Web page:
Iced coffee is a delicious, refreshing, and energizing summertime favorite, and has been for decades. In recent years however, you may have noticed that cold brew, a variation of iced coffee, has skyrocketed in popularity.
It seems like almost everyone serves cold brew now, from hip craft coffee cafes and coffee shops to international chains like Starbucks, Dunkin’ Donuts, and Tim Horton’s.
What’s the actual difference between iced coffee and cold brew, and how did these two types of coffee originate? Are there other types of iced coffee beverages besides just regular iced coffee and cold brew? In this article, we’re going to take a deep dive into the world of iced coffee and and Cold Brew coffee.
History of Iced Coffee
Iced coffee is rumored to have originated in Algeria in the mid-1800s. 19th century French colonial troops stationed in Algeria’s Mazagran fortress invented a delicious sweetened beverage made with coffee syrup and cold water, which was aptly named “mazagran.”
Over the decades, mazagran made its way to Portugal, Austria, and Catalonia, where it’s sometimes mixed with lemon, sugar syrup, or even rum. Most coffee connoisseurs believe mazagran to be the original iced coffee. Many other countries have their own national variations on iced coffee, including Australia, Chile, India, Italy, Japan, the Philippines, Thailand, and Vietnam.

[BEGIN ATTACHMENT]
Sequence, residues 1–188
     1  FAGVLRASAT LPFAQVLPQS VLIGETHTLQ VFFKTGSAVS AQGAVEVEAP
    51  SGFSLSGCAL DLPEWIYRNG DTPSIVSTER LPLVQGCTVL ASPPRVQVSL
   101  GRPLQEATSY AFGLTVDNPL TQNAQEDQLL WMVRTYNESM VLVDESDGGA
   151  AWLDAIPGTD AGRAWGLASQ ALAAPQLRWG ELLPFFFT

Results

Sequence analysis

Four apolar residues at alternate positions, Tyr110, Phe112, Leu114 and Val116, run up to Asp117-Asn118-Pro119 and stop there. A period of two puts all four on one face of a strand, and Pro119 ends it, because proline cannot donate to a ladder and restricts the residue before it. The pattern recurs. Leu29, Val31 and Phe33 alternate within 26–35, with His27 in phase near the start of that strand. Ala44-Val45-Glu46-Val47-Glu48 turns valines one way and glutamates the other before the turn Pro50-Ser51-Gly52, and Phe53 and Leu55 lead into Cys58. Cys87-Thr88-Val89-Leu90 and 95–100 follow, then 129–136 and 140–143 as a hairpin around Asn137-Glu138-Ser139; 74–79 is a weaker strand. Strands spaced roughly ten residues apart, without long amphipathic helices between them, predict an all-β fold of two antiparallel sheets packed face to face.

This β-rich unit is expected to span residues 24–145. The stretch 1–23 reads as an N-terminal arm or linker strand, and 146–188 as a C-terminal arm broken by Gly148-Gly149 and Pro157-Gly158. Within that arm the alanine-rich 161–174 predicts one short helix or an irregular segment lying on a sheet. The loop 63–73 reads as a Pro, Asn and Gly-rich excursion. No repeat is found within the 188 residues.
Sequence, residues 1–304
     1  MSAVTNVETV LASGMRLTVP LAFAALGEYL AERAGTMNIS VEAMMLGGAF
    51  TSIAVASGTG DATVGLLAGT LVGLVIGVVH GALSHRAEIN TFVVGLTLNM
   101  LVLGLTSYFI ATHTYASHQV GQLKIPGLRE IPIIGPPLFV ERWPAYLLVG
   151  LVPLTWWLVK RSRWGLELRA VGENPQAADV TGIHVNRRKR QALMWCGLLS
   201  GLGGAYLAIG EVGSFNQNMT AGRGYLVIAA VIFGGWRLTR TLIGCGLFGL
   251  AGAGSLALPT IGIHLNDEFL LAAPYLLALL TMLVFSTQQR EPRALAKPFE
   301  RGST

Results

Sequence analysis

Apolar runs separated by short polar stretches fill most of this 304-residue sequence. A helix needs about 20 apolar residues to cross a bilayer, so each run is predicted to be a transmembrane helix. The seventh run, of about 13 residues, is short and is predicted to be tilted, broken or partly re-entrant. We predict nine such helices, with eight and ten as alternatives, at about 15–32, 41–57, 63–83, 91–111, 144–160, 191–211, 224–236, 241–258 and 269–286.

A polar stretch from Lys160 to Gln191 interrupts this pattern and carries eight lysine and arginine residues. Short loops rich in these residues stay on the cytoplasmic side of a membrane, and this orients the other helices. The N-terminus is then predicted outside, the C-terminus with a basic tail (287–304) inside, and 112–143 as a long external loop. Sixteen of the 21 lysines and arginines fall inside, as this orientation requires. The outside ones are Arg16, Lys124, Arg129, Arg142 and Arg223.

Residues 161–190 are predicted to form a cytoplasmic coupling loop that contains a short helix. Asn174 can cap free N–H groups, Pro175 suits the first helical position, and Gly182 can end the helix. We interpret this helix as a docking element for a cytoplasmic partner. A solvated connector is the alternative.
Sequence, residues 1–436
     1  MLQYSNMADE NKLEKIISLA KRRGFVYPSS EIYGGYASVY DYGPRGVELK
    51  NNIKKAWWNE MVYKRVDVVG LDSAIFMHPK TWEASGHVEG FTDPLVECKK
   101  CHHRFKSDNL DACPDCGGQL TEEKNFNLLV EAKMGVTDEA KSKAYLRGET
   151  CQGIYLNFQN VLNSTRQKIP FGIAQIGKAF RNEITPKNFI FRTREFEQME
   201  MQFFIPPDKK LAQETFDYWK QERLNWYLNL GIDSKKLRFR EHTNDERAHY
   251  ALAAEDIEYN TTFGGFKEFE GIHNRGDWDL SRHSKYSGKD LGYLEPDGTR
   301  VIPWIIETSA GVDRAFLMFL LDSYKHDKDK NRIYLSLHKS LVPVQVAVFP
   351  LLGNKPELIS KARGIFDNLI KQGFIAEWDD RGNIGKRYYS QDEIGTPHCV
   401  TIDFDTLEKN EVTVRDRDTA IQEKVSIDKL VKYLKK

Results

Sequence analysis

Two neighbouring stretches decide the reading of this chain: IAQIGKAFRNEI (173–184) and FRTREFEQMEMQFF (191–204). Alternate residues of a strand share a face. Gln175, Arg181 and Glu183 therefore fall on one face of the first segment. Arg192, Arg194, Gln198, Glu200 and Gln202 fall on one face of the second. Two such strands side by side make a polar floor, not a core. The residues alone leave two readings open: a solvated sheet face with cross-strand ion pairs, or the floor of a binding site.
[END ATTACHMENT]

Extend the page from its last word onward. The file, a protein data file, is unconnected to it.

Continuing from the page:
Iced Coffee Today
As its name suggests, iced coffee is literally just coffee served chilled. It’s often combined with different creamers, milks, dairy substitutes, or flavored sweeteners to create concoctions that almost resemble desserts.
When iced coffee first started gaining popularity in the United States, it was prepared simply by pouring regular hot coffee into a glass of ice. However, the melting ice cubes diluted the coffee, creating a subpar beverage that tasted weak and watery.
To combat this dilution of flavor, restaurants and coffee shops soon learn to brew iced coffee using double batches. They would use double the amount of coffee grounds when brewing the hot coffee, so that even when diluted with ice, the resulting iced coffee still tasted just as strong as a cup of hot coffee.
History of Cold Brew
It was pioneered by Blue Bottle Coffee and Stumptown Coffee Roasters around 2010, and for the first few years of its existence, it remained a very niche, very quirky method of preparing coffee, only available at hipster cafes and coffee shops. However, in 2015, Starbucks began offering cold brew in some of its locations.